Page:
It’s no secret that investors have been favoring low-cost passive investments that track a specified
index, whether the investment is in
the form of an exchange-traded fund
or a passively managed mutual fund.
According to EPFR Global, ETFs have
attracted more than $1 trillion in net
inflows, while actively managed funds
have experienced over $1 trillion in net
outflows, between June 1, 2009, and
June 26, 2019.
Despite the popularity, investing in
ETFs is not simply selecting a particular
low-cost ETF that tracks a benchmark
to which your client wants exposure.
Financial practitioners should implement a comprehensive strategy when
incorporating ETFs into a client portfolio. Below are the steps that should be
considered when incorporating ETFs
into an investment portfolio and what
metrics are useful when searching for
the appropriate ETF.
Like building any type of investment
portfolio, the first step is to create an
asset allocation mix that will meet your
client’s investment objective. There are
different ways one can create an asset
allocation; however, using a tool that
produces an efficient frontier that can
be used to build an optimized portfolio
ALL ETFS OR A MIX?
Next, an advisor should determine what
portfolio strategy to employ. There are
advantages to both active and passive
investments, and deciding between the
two should not be exclusive, but rath-
er, inclusive of one another. The two
types of investment philosophies can
play well together. However, some may
disagree, so it’s important to determine
if you are going to build a portfolio
consisting of 100% ETFs or a portfolio
including both ETFs and actively man-
aged mutual funds.
If it’s decided a portfolio should
adopt both styles, then the next step
is to determine which asset classes
are the most efficient and which ones
provide the best opportunity to locate
alpha. In our recent studies, we have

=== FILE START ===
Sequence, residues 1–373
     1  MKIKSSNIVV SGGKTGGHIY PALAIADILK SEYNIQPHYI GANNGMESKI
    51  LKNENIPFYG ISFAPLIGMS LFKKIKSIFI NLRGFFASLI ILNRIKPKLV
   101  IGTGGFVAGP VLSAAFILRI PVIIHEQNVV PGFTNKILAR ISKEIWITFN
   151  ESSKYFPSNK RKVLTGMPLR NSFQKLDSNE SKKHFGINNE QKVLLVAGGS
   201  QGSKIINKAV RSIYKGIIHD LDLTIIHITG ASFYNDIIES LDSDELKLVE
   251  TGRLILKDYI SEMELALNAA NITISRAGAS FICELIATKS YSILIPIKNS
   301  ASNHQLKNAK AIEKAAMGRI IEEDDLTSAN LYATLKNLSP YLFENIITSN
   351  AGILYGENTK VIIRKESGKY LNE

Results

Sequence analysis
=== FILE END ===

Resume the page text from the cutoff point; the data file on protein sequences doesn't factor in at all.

found that small-cap equities, foreign securities, high-yield bonds and
funds with a growth tilt tend to offer
more opportunities to locate outperforming managers.
DUE DILIGENCE AND FILTERING
Next, screen for ETFs that fit into each
slice of the asset allocation. Filtering
for appropriate ETFs is much different than filtering for actively managed mutual funds. Actively managed
due diligence is typically quantitative,
whereas filtering for ETFs is traditionally qualitative.
ETF investors focus primarily on size,
trading volume, expense ratio and the
culture of the sponsoring firm. However,
it’s important to take a quantitative look
also, and make sure you select ETFs
that behave as their objective states, so
the individual investments work well
together and the entire portfolio has a
greater chance of meeting its objectives.
Outside of lowering investment costs,
the primary reason to invest in an ETF
is to track a particular benchmark. To
determine how well a manager tracks
a specific benchmark, advisors consider the manager’s tracking error, which
measures how consistently a manager outperforms or underperforms the
benchmark. Tracking error also is useful
in determining just how “active” a manager’s strategy is. The lower the tracking
error, the closer the manager follows the
benchmark; conversely, the higher the
tracking error, the more the manager
deviates from the benchmark.
Investing in ETFs is a low-cost way
to gain exposure to a particular asset
class when building an investment portfolio that meets your client’s objectives.
However, investing in an ETF is not
and should not be a simple solution.
The growing number of available ETFs
with complex styles is making it more
difficult for investors to locate an ETF
that fills a specified role within a diversified portfolio. It is important to set
clear guidelines and objectives for the
portfolio and find ETFs that consistently
follow their stated objectives.
Ryan Nauman is a market strategist at
Informa Financial Intelligence. His primary
focus is providing value-added market and
investment insight along with educating
buy-side participants on investment analytics and portfolio management concepts.
By Ryan Nauman
How to Size Up ETFs for Client Investing
Growth in number of ETFs means advisors must be careful how they
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